Dungeons Runs are the most entertaining addition to Hearthstone in years. And the least rewarding.

Just to be clear, there are NO rewards to Dungeon Runs. Well, unless you count a card back for clearing all the final boss with all nine classes. No daily wins, no quest credit, nothing. “Fun is its own reward!” For now, that is indeed holding my attention steady. However, considering I could be playing on ladder, or casual, or even in a Tavern Brawl (most days) and be getting rewarded while also having (less) fun, I am actively harming my collection progression. And let me tell you, Blizzard has the thumbscrews firmly in place this expansion, as usual – all the staple cards are Epic or Legendary. So, in effect, I am having fun at the expense of my future self.

Beyond that, Dungeons Runs can be extremely frustrating too. Yeah, Hearthstone is always random, sure. But this game mode is about sixteen different layers of RNG, starting from what cards you are offered, which bosses you encounter, what your random effects do, which cards you draw, what cards your boss draws, etc etc etc. Fights that should have been easy are instead lost from a single coin-flip. This isn’t like Binding of Isaac where your reflexes could theoretically save a bad run.

Also, can I just say that Azari is a complete bullshit last boss? I’ve gotten him like 80% of the time, and it essentially means I have to chew through 70 HP with just half my deck – he automatically destroys your top 2 cards each turn. And he starts with 2 mana crystals? And that hero power costs zero? Some of the bosses are unfair, but goddamn.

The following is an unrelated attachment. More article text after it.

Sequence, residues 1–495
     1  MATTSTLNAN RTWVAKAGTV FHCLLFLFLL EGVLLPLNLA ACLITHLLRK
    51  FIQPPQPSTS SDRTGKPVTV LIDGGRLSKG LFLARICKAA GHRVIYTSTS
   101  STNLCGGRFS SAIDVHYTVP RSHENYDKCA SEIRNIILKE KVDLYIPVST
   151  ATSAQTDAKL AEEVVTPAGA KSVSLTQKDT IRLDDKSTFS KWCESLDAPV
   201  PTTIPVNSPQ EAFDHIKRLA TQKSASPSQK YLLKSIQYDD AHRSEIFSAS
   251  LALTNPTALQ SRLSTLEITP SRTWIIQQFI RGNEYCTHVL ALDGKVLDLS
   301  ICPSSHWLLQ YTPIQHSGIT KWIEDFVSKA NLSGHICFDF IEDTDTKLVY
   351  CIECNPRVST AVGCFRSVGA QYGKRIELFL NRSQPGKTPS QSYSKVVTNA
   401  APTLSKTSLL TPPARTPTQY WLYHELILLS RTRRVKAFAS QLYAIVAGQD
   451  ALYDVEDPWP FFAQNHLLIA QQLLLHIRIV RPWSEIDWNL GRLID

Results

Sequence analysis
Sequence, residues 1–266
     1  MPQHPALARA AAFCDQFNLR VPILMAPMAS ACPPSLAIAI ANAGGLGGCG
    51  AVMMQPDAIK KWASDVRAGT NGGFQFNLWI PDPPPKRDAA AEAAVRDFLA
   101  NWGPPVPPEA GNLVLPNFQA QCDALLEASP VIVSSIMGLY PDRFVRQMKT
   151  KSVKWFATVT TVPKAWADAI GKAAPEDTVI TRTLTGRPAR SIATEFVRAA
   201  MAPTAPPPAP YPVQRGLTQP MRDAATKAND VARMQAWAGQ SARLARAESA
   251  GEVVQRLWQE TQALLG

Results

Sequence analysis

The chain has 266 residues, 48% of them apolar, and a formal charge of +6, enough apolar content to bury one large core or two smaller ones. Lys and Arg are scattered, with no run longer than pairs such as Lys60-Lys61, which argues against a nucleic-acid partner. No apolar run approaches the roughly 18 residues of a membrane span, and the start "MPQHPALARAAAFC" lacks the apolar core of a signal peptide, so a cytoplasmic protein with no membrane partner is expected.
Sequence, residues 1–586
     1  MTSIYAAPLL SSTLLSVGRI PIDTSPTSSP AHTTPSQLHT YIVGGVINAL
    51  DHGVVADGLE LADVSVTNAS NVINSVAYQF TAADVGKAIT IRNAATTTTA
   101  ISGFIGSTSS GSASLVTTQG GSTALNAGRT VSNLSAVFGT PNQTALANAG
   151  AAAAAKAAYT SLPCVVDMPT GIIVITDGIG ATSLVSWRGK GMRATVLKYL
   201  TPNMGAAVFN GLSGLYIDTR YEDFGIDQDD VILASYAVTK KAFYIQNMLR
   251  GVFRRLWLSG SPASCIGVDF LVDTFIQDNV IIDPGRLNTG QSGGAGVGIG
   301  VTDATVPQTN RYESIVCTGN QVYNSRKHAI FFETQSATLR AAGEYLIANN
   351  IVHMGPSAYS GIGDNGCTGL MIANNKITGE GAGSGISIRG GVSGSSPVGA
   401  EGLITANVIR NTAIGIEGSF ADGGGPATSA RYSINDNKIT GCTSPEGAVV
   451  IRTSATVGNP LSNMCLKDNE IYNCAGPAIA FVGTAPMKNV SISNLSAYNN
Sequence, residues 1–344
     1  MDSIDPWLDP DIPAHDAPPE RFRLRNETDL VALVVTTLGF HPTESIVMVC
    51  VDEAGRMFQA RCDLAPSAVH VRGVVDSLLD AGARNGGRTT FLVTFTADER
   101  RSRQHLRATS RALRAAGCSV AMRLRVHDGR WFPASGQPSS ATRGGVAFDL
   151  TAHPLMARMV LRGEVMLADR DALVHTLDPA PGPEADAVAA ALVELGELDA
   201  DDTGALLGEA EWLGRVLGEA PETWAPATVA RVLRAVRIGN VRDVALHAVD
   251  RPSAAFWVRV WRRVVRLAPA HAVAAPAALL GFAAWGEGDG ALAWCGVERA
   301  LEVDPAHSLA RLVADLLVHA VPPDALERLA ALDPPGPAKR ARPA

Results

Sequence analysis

Perhaps I would be more upset if there was a defined prize at the end. So in that sense, Blizzard might be doing me a favor.

Regardless, I remain fairly surprised at how compelling the game mode can be, and how ingenious in a way. If you are a brand new player with a small collection, Dungeon Runs give you a peek at how powerful older cards could be, or new cards for that matter. In that sense, it can be a pretty good advertisement for buying a few packs and hoping to pull one for everyday play.

I do wonder what Blizzard intends to do in the next expansion. Will Dungeon Runs be supported? Will there be newer cards, newer bosses, or anything else? Most people are saying “No,” but a flood of posts on Reddit got Blizzard to change their mind with DK Rexxar, insofar as his hero power will incorporate newer beasts going forward. Which pretty much ensures that Blizzard won’t be doing that sort of ability ever again, but good on them changing their minds.